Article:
Just 16 per cent of UK higher education applicants’ grades are accurately predicted, according to a new report that calls for change to a university admissions system that sees life-changing decisions made on “inaccurate information”.
While disadvantaged students are more likely to have A-level grades over-predicted overall, among high-achieving applicants “disadvantaged students are more likely to be under-predicted than their more advantaged counterparts”, says Gill Wyness, lecturer in the economics of education at the UCL Institute of Education, in a paper published by the University and College Union.
The UK is unique in having a university admissions system that relies on predictions of students’ grades made by their schoolteachers.
Dr Wyness suggests that prediction accuracy could have “a negative impact on the labour market outcomes of high ability but disadvantaged students, as well as potentially skewing the socio-economic mix" of highly selective universities.
She adds that “it seems highly inefficient to continue with a system in which life changing decisions are made, and scarce university places are allocated, on the basis of inaccurate information”.
Dr Wyness’ research is based on “bespoke data” provided by Ucas, the university admissions service, on applicants to higher education courses in the UK for the 2013, 2014 and 2015 entry cycles.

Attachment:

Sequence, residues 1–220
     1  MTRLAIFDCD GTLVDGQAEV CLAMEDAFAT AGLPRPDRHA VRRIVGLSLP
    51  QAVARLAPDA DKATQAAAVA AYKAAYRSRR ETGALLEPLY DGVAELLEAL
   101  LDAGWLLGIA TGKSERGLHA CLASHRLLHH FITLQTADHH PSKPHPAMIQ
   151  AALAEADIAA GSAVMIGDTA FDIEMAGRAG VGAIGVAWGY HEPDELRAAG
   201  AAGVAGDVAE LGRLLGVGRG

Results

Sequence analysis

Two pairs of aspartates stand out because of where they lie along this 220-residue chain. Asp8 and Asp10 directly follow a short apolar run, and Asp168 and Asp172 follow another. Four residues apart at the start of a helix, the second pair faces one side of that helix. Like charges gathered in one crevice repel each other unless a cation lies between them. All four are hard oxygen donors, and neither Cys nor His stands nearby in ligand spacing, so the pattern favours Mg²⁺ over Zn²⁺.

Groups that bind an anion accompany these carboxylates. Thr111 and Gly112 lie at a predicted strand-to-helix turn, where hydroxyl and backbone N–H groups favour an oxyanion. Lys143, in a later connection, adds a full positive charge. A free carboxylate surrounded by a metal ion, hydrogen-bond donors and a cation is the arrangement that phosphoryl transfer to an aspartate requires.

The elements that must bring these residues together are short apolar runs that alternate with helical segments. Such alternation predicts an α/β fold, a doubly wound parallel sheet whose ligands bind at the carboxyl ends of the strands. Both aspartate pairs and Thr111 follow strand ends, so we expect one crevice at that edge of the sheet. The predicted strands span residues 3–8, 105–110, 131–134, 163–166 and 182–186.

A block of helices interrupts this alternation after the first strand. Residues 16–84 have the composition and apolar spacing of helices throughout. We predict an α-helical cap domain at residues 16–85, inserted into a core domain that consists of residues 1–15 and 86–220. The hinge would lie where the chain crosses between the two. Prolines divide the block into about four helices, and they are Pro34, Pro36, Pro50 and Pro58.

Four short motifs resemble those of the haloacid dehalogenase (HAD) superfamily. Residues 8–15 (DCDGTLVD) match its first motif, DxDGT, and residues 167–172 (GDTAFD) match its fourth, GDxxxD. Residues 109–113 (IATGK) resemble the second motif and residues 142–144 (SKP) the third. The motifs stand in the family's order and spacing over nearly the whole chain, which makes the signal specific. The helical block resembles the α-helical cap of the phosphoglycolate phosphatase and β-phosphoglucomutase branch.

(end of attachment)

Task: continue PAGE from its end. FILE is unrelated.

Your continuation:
As well as finding that just 16 per cent of applicants’ grades were accurately predicted among their best three A levels, Dr Wyness finds that a “further 8.5 per cent of applicants were under-predicted, whilst the vast majority (75 per cent) of applicants’ grades were over-predicted”.
Dr Wyness also says that applicants with the equivalent of AAB or better at A level “tend to be more likely to be underpredicted than the average applicant, with 21 per cent of AAB applicants having their points score under-predicted, versus 8.5 per cent of all applicants”.
She adds: “Among these AAB applicants, applicants from the most disadvantaged group are slightly more likely to have their grades under-predicted than those from the least disadvantaged groups (23.7 per cent v 20.3 per cent) suggesting there is some evidence that high ability disadvantaged students are particularly likely to fall into the category of being under-predicted.”
Dr Wyness also finds that “high ability under-predicted applicants are less likely to apply to top universities (to the tune of 8.7 percentage points)”.
Sally Hunt, the UCU general secretary, said: “This report is a damning indictment on a broken system, not the hard-working teachers tasked with the impossible job of trying to make predictions.
“The results strongly support our call for a complete overhaul of the system, where students apply after they receive their results.”
Ucas had previously pressed for a switch to post-qualification applications, but abandoned the plan in 2012 in the face of opposition from schools and universities.
Mary Curnock Cook, Ucas chief executive, said of the UCU report: “These proposals would reduce choice and put students from challenging backgrounds at further disadvantage.
“It is not the case that only 16 per cent of predicted grades are right – the correct interpretation is that only about 16 per cent of students have no net deviation at all from their predicted grades across three A-level results.”